Cockpit Avionics Prototyping Environment (CAPE) is a computer program that simulates the functions of proposed upgraded avionics for a space shuttle. In CAPE, pre-existing space-shuttle-simulation programs are merged with a commercial-off-the-shelf (COTS) display-development program, yielding a package of software that enables high-fidelity simulation while making it possible to rapidly change avionic displays and the underlying model algorithms. The pre-existing simulation programs are Shuttle Engineering Simulation, Shuttle Engineering Simulation II, Inter active Control and Docking Simulation, and Shuttle Mission Simulator playback.

The COTS program — Virtual Application Prototyping System (VAPS) — not only enables the development of displays but also makes it possible to move data about, capture and process events, and connect to a simulation. VAPS also enables the user to write code in the C or C++ programming language and compile that code into the end-product simulation software. As many as ten different avionic-upgrade ideas can be incorporated in a single compilation and, thus, tested in a single simulation run. CAPE can be run in conjunction with any or all of four simulations, each representing a different phase of a space-shuttle flight.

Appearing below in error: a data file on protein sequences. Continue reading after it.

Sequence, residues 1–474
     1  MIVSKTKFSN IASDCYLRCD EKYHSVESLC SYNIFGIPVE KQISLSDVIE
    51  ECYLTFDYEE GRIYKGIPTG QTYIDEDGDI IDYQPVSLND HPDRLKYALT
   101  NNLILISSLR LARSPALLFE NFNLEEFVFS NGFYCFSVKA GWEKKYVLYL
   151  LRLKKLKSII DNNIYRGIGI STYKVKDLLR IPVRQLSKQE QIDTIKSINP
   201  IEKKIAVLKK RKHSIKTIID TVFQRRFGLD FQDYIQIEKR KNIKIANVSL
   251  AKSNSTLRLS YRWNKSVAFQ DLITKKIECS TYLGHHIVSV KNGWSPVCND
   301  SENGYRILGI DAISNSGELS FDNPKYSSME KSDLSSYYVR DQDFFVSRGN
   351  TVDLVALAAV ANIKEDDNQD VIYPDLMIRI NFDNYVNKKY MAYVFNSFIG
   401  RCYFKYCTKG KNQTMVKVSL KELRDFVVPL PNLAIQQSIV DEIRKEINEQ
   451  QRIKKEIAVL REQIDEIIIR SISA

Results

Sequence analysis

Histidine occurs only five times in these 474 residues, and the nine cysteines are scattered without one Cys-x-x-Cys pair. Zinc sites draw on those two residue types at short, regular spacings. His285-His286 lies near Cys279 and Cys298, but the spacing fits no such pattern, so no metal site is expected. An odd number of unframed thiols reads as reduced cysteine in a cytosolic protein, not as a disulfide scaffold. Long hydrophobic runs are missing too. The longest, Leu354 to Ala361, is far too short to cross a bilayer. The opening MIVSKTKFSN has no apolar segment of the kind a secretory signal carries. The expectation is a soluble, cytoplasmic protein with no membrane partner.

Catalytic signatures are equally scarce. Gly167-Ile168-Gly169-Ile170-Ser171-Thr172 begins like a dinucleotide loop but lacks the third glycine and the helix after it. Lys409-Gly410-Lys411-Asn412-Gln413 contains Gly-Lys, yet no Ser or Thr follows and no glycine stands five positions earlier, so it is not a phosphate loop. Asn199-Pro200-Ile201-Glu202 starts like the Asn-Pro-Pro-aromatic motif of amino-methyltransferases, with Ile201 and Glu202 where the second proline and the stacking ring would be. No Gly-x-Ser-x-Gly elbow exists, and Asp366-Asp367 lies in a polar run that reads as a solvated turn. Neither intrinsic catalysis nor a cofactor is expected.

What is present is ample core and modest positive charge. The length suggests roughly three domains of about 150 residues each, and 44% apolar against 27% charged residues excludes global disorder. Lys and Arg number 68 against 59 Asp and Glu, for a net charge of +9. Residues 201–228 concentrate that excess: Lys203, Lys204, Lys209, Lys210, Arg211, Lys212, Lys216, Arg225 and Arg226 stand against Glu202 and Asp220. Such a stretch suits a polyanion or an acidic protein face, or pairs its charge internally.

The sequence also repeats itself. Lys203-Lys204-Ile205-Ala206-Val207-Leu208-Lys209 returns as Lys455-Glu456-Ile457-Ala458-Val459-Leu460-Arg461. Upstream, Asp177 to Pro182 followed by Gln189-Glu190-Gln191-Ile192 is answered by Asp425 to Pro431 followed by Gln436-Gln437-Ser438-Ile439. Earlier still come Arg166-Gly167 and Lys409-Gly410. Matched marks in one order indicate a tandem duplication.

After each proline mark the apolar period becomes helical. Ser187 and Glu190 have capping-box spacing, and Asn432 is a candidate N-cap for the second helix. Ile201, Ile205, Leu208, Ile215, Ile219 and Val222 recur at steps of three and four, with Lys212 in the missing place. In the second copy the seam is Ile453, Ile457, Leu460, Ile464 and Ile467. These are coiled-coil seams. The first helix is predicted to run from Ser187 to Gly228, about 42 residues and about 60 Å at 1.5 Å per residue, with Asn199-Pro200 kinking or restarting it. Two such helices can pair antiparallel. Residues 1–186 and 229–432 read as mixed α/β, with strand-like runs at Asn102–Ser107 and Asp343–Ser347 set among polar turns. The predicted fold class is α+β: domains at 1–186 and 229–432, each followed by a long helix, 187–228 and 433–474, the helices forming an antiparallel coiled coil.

This program was written by Daniel Deger and Kenneth Hill of Johnson Space Center and Karsten E. Braaten of United Space Alliance. MSC-23453-1/15-1